Teenagers who value name brands tend to have a lower self esteem due to the impact of advertising and media. Adolescents are likely to buy overly expensive name brands because of their lack of confidence and urge to fit in with their peers. For some teens, the pressure of buying the latest trends of clothing and the newest technology has become an obsession and is hard to resist. Whether they buy these name brands to fit in with the popular kids or just to make themselves happy with all these money-orientated things it still remains a problem. In Western society, there is no escaping the brainwashed teenagers who have engrossed themselves in these high end brands to only them feel special. This has only led to increasingly dissatisfaction in teenagers self esteem. Adolescents are only worshiping these brands of clothing, technology and other products because of the influential advertisements that make them believe they need these products. This topic is very important because of the many researchers who study the constant fixation of teenagers thinking they need certain materialistic items to give them happiness. The significance of valuing high end products is affecting teenagers in society due to the new generation of young consumers who have singled out the most brand conscious ever by virtue of their preferences of expensive merchandise.
Jane Collingwood. 2014. “How brand names trigger our emotions.” Journal of Psych Central. Article from a magazine Thomai Ilias
This article discusses the thousands of name brands that have become highly familiar to teenagers thanks to widespread marketing and advertising. Some may attempt to ignore or at least remain uninfluenced by them, but research has now confirmed that brand names affect us differently than other words, connecting with the emotional right side of the brain. The processing involvement in name brands was recognized in 1977 by Herbert E. Krugman. He theorized that the mere repetition of product bran names sticks in our subconscious due to the right brain locking in on an advertising image. By 2004, Richard Woods wrote in the journal of Consumer Behaviour, “It has become a truism that brand marketing is in the business of selling emotional connections rather than product benefits.” Advertisements often are specifically designed to appeal to the right brain by using words and symbols that are meaningful, familiar, and attractive to people. This approach attempts to create a brand that appeals to the emotions. Market researchers at Executive Solutions, New York, investigated what matters most to consumers, and found that emotions related to feeling acceptable, competent, and responsible are very strong emotional drivers towards purchase. I learned that some advertisers try to reach deeper motivations and deliberately avoid the conscious mind. The article also makes reference to the full blown industry of image-making, and a new economy based on mass marketing and promotion, so doubtless a great deal of further effort will go into discovering more about the way the right brain determines consumer choice. This information is very useful because of the new research shows an even stronger neurological tie to brand names, with potential ethical implications of such a direct link to emotions and self-esteem. This article gives much detail about the understanding of teenagers being drawn to brand names because of subliminal messages from advertising companies. The article not only gives a general outline of the results proven of the neurological tie to name brands but as well as the attempt to create a name brand that appeal to the emotions and feelings of the buyers.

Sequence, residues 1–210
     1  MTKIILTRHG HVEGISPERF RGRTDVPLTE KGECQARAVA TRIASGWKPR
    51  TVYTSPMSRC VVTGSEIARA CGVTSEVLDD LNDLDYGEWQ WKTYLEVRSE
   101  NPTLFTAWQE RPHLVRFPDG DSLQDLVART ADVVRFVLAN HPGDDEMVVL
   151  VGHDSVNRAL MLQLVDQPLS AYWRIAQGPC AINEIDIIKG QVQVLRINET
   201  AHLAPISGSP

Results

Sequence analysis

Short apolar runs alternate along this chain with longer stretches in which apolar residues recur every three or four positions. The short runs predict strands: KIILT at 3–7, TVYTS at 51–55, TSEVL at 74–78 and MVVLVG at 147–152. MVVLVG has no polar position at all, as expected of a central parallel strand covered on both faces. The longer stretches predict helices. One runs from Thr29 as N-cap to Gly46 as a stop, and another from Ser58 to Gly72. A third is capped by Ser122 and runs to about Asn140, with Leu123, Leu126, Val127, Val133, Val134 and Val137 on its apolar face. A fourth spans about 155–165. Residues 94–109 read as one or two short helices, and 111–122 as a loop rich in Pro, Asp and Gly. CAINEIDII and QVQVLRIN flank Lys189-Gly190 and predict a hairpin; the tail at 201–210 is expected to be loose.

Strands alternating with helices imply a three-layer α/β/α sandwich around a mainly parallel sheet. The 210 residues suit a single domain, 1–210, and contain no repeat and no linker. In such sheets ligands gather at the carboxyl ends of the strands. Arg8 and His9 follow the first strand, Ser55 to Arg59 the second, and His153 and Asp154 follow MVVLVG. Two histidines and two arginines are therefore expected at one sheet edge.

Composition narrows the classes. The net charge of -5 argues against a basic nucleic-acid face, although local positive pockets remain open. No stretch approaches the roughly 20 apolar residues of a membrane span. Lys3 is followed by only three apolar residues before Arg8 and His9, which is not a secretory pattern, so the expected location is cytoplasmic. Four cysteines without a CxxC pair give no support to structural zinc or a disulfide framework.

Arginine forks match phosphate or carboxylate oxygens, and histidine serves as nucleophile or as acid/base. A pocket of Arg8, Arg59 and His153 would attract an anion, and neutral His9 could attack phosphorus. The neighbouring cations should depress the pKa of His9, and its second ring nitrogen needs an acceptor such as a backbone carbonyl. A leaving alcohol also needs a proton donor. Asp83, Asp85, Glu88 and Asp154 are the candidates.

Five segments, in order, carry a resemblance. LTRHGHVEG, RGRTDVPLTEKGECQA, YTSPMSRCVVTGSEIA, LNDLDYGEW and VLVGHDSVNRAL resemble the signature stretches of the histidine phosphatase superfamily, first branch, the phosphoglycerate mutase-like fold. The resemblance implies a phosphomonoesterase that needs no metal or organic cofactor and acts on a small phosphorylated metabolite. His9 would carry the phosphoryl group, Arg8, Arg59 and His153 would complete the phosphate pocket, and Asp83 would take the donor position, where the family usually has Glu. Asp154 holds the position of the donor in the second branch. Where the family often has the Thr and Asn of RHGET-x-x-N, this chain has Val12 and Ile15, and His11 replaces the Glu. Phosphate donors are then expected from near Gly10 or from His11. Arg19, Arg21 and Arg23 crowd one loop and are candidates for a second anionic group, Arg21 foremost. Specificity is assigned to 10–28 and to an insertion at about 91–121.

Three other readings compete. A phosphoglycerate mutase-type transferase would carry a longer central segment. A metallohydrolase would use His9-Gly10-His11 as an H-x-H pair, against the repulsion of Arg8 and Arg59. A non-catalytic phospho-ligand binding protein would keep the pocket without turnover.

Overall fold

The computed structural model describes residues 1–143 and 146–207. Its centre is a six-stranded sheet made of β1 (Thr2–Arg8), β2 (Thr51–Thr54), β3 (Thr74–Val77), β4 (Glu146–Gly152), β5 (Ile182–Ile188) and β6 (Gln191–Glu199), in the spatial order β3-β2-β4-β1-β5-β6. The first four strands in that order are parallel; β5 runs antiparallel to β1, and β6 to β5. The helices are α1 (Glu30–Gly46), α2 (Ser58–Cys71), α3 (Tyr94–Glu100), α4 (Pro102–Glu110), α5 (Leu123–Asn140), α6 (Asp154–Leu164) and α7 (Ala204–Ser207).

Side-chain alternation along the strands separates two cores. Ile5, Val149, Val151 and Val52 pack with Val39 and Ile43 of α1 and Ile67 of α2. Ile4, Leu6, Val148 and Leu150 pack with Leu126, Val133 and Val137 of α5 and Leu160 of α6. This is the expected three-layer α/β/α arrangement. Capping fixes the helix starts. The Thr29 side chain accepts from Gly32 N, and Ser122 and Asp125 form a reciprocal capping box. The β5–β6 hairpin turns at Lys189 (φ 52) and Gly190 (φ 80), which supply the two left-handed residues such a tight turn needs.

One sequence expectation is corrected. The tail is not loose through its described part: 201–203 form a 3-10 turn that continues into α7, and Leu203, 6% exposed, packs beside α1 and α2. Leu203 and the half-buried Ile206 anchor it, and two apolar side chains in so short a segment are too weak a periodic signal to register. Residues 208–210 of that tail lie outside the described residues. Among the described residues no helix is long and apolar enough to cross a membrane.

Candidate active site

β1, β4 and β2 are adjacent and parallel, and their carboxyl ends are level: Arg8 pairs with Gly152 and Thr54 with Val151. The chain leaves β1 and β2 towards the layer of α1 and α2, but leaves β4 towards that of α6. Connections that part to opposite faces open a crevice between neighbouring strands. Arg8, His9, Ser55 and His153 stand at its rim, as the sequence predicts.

Luciana Gil. 2012. “Impacts of self on attitudes toward luxury brands among teens.” Journal of Business Research. Elsevier Inc. Article from a journal Thomai…